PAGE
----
The vice president argued for the suit’s dismissal on separation-of-powers grounds. Specifically, he contended that the GAO lacks authority to file a suit that interferes with presidential powers under the Article II opinions and recommendations clauses. The opinions clause provides that the president “may require the Opinion in writing” of executive department heads, and the recommendations clause directs the president to recommend whatever legislation he deems expedient. The vice president maintained that the president established the energy task force to advise him so that he could submit such legislative proposals and that suits on behalf of Congress seeking to investigate how these exclusively presidential powers are exercised violate the separation of powers.
The District Court dismissed the suit on narrower grounds that did not resolve the Article II claims on the merits. Judge Bates ruled that the GAO lacked standing to bring the suit because it cannot point to a concrete injury as required under Article III, especially since not even a single congressional committee, much less either house of Congress, indicated any support for pursuing the task force information.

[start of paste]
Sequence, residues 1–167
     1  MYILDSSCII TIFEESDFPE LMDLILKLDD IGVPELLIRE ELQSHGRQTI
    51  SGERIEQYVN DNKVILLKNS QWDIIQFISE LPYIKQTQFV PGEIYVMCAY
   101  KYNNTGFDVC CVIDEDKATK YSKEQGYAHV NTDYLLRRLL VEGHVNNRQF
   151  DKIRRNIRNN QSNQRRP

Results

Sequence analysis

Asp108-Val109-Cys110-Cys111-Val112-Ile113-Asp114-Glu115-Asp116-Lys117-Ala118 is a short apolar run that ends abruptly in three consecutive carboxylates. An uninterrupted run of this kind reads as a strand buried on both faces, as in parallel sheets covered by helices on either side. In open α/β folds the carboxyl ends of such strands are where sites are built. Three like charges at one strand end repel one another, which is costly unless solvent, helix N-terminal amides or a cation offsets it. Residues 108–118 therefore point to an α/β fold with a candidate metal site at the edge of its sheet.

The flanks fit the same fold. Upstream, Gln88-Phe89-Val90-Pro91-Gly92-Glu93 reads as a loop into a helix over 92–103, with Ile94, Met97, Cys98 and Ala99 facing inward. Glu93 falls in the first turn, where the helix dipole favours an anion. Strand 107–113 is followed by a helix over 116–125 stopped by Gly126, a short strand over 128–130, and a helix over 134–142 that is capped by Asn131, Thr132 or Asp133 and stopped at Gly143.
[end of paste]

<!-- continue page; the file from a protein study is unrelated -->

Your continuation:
The Difference With Agencies
Because standing—like its close cousins justiciability, political question, and ripeness—is itself rooted in hazy separation-of-powers principles lacking bright-line boundaries, it is easy to over-read the reach of Judge Bates’ opinion. Take Stuart Taylor Jr.’s Dec. 16 column (“A Victory Gone Too Far,” Page 46). Taylor declares that the court held “that the head of the GAO has no legal standing to sue Vice President Dick Cheney or any other executive branch official for information.” (My emphasis.) With this interpretation in mind, he concludes, “the executive branch will have the trump card in every negotiation” over information sought by Congress. (Again, my emphasis.) Indeed, Taylor refers throughout to this suit’s impact on future suits against “the executive branch.”
But Taylor’s reading conflates the issue of Congress’ authority to obtain information from the plethora of executive agencies with the issue of Congress’ authority to obtain information from the vice president. The GAO’s suit was not brought against an agency created by Congress subject to certain statutorily defined powers, such as the Department of Energy. Rather, it was brought against the vice president, a constitutional officer.